Haha! Great story, as you can tell I very much enjoyed it 🙂

    1. It is quite novel for me, Tilly. Schools are places you have to steel yourself. Running into work:I haven’t done that sonce I worked at the haunted house across the fields.

  2. A fairy tale mansion with a ghost to keep all in check, deer and princess, brides and kings and . . . see? You already have lured me into your fairy tale, Kate. More. i want more.

    1. It is just the right amount of time to leave me free to be there for Maddie and Felix at the beginning and end of school, with a fabulous challenge in the intervening hours, Nancy. Absorbing, but leaving my mind free for the hours I am not contracted to work. Which is how I feel it should be.

  3. I think this is an evolving story and I don’t completely know where the changes in your life have occurred, but this is indeed exciting. It sounds tailor-made for someone with such an incredible grasp of history, curiosity about the “spirits of the past” and creative imagination! Breathe it in! And share… 🙂

    1. It is exciting, Debra. I shall not be teaching, but carrying out a project with a high degree of autonomy and independence in the setting I have described. I feel blessed.

    2. Dear Kate, I’m in great agreement with Debra of “Three Well Beings.” I’m able to get to your blog only about once a week and so I miss the on-going story. But this latest posting has me wondering just what will come of this new job.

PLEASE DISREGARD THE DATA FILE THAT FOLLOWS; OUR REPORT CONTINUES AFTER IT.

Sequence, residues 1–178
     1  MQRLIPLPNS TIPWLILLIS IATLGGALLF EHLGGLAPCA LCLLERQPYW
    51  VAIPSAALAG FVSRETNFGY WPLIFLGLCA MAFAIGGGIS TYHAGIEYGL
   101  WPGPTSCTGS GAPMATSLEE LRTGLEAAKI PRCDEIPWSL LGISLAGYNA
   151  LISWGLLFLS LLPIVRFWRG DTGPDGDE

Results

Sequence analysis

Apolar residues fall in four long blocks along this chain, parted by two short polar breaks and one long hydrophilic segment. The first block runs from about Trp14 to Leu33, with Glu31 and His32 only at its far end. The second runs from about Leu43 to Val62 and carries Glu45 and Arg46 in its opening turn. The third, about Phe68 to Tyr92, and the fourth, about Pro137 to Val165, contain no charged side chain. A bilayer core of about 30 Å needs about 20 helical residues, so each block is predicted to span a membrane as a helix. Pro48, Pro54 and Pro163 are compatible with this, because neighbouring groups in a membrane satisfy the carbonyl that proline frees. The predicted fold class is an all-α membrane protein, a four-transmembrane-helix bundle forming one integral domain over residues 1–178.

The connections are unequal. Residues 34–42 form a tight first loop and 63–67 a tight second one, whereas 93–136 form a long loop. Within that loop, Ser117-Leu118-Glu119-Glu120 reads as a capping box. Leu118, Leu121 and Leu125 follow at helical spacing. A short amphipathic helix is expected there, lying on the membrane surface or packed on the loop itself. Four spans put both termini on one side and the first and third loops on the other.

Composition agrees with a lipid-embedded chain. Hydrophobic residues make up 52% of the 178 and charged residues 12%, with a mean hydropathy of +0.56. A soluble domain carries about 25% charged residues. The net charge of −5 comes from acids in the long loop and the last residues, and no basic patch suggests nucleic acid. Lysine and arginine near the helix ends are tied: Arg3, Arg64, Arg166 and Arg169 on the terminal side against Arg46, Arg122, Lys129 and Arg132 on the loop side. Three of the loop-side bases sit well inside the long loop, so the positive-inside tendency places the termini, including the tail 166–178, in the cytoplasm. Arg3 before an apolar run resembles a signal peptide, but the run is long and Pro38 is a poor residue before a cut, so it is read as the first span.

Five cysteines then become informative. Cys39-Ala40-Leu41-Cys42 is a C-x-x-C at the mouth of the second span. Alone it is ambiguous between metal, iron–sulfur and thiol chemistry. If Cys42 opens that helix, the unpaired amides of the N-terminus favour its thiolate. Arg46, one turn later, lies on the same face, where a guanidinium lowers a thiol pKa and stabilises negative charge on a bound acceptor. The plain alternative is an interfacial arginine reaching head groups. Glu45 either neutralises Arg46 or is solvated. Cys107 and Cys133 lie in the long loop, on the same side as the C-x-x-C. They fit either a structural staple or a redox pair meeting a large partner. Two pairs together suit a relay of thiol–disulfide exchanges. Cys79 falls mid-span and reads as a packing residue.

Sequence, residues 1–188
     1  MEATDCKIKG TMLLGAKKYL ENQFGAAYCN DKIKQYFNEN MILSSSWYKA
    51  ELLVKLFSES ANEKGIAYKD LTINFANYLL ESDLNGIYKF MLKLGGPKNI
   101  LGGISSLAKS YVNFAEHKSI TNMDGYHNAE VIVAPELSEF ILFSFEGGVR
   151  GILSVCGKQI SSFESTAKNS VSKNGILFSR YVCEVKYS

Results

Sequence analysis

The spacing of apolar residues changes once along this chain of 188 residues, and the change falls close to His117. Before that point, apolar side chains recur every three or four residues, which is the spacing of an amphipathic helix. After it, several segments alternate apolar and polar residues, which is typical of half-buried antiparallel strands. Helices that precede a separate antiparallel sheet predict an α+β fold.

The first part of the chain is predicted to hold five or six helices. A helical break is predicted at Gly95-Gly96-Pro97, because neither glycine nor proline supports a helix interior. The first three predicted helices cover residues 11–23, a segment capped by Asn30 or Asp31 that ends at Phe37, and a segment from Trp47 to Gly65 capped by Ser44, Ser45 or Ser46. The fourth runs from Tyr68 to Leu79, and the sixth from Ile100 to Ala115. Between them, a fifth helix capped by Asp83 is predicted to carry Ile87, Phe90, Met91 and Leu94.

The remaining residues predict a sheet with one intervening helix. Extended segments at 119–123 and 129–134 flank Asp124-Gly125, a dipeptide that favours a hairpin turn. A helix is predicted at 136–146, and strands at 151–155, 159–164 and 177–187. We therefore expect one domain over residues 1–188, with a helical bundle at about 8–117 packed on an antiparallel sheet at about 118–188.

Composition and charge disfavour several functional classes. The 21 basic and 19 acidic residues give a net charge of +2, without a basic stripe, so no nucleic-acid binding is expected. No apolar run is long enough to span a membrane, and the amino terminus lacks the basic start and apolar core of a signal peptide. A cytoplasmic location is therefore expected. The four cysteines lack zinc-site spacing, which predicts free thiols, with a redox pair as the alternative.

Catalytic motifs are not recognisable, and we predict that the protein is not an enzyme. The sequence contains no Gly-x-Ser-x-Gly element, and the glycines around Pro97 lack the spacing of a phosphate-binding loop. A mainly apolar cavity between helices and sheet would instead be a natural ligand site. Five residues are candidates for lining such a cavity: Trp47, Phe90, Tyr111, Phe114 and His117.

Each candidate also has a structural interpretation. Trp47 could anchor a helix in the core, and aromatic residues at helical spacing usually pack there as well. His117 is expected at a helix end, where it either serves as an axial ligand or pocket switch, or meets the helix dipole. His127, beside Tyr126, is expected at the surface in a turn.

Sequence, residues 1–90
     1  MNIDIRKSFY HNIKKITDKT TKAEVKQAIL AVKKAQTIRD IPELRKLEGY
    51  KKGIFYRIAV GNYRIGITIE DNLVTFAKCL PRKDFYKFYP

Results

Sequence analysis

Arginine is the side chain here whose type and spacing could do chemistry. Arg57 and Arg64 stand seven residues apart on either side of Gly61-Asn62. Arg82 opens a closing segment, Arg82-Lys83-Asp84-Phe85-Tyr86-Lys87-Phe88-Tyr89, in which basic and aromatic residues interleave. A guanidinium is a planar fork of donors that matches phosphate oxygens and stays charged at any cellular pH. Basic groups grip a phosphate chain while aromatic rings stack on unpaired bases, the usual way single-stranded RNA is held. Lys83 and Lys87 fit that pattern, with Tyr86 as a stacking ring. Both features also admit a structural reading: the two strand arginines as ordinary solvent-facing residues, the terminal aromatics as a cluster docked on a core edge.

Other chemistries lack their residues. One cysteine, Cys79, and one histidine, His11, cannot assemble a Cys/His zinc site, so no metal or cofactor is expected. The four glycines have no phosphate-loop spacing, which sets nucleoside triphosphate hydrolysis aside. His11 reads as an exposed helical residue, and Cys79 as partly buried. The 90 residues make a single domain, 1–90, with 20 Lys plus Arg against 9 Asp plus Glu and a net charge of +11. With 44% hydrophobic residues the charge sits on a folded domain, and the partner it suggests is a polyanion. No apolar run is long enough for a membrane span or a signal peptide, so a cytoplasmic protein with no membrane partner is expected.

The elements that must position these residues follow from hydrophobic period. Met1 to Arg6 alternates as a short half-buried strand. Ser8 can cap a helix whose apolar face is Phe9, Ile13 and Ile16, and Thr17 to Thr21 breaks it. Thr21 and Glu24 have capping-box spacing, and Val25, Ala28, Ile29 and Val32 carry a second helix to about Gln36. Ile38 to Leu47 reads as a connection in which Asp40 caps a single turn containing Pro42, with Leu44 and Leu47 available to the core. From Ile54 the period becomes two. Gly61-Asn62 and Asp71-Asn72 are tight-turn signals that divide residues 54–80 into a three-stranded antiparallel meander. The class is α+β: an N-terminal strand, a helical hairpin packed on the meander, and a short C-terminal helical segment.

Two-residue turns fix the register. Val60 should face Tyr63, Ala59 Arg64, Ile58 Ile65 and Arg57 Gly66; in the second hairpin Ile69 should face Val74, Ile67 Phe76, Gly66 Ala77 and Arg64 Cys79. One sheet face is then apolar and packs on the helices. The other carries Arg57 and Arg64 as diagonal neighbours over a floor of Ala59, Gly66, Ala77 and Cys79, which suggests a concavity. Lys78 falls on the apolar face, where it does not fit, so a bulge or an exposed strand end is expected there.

I also second these words Debra used when she said that you were “someone with such an incredible grasp of history, curiosity about the ‘spirits of the past’ and creative imagination!” That perfectly describes you, Kate. Peace.

  4. oh, to imagine a story that you create in your own little world inside your head. What stories we can tell. Funny, I just wrote one myself on my latest blog entry. I conjured a tad of a story from an old trunk. 🙂 Life would be boring without our minds creation, no?

  5. Your mansion sounds a little like my Mansion, Kate… only you have deer where I have zombies and vampires and the like! We both have our ghosts though, which is, in an odd way – a good odd way – fascinatingly interesting. Here’s to your fairy tale!

  6. It’s splendid and maybe a bit humbling to be able to live or work in a spot that has more than its fair share of historical associations: living in the Preselis, with its wealth of prehistoric monuments and Arthurian associations, is just such a place for me.

    And how brilliant to be somewhere where the young Prince Arthur rode out to marry Catherine; how different would history have been if he had survived to become a real King Arthur! One of the real what-ifs of history.

  7. How wonderful to have your workplace inspire thoughts of fairytales, Kate. I gave up working for myself at the beginning of this year (after 10 years) and am back in full-time employment in a ghastly engineering-institutional space. I envy your inspirational environment.

  8. So, I’m trying to discern the true meaning here. I love the context and that you’ll be inventing a story – is it haunted? Are you constructing the tale or is this a larger story of a new direction for you? So excited to hear!